In the Player Companion line, there a few books to look at. First off is Cheliax, Empire of Devils which is player's look at Cheliax, but also good for GMs. The above mentioned Cheliax campaign book will probably obsolete most of this book, but this should be a good starting point. Your players will most likely want to be part of a city, which is where the upcoming Heroes of the Streets will help with that. From here, it's really up to what your players are interested in. Any religious types will find good options in books like Faiths of Purity or Champions of Purity. Regardless of fighting style, players should find something they like in either Ranged Tactics Toolbox, Melee Tactics Toolbox, or Dirty Tactics Toolbox. Really, there's something for everyone in the Companion books, you just have to know where to look.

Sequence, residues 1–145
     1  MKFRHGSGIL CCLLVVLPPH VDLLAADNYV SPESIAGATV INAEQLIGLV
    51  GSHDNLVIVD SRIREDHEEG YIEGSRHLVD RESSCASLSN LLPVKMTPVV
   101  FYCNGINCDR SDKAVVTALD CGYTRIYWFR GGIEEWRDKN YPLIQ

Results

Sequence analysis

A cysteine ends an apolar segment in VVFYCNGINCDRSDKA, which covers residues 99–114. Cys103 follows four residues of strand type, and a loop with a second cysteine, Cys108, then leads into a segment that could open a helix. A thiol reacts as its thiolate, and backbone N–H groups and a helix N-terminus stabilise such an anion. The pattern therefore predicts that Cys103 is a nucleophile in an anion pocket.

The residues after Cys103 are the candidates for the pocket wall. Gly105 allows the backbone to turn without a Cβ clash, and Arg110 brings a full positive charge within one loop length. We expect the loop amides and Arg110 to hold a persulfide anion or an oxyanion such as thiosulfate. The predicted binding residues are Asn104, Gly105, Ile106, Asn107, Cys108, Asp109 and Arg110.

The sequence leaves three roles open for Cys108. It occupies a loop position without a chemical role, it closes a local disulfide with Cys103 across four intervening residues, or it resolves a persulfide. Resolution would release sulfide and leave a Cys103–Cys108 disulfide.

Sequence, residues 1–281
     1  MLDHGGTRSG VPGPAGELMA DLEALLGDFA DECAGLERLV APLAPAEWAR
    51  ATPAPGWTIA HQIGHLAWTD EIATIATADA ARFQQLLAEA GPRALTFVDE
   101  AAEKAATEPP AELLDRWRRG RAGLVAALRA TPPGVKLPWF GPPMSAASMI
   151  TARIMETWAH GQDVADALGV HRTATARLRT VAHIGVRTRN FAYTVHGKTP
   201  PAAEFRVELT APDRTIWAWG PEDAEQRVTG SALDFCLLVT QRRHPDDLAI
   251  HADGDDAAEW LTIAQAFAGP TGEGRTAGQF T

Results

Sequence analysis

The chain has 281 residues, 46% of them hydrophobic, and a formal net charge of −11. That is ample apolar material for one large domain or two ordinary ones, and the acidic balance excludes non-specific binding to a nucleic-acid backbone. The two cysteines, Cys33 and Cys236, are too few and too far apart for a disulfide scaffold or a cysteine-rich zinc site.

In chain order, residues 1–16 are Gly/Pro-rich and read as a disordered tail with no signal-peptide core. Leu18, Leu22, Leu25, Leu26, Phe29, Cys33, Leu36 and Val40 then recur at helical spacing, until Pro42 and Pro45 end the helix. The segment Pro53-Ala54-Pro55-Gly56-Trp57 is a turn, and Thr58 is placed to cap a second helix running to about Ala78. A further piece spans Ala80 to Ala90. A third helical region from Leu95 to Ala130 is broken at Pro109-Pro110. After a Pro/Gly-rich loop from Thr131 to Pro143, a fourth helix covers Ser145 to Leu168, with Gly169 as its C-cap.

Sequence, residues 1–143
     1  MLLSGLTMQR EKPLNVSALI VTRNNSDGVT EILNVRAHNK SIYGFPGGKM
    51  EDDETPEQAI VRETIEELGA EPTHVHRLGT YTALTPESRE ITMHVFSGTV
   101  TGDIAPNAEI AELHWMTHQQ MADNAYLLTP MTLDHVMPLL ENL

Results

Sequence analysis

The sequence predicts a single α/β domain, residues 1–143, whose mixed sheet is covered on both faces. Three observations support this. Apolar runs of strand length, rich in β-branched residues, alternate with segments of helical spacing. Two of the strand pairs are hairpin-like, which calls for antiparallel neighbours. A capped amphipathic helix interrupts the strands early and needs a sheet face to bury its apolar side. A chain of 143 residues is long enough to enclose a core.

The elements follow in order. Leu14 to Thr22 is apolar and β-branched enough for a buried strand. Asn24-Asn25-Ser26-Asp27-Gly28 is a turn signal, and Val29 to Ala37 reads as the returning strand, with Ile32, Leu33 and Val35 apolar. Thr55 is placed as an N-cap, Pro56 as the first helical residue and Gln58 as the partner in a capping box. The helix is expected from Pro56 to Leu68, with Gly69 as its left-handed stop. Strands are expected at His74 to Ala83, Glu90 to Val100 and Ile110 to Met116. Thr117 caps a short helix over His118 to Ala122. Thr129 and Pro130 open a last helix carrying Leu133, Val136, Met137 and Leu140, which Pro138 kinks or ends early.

Anyway, the big thing is informing yourself on what you or your players want to learn more about and going from there. Pathfinder Wiki is a good source, especially as it lists which books it uses as sources, which helps track down information. I would always recommend starting the AP once all six volumes are out, but if you wish to start right away, have your players read the Player's Guide once it's out and use the above resources to get yourself ready for the first adventure.
Matthew Morris wrote:
Miroslav Petrov is the name of the artist that illustrated the piece used in the blog post.
Eclectic training still reads as you increase your effective caster level in that class (including the number of spells you know and can cast per day) by +1.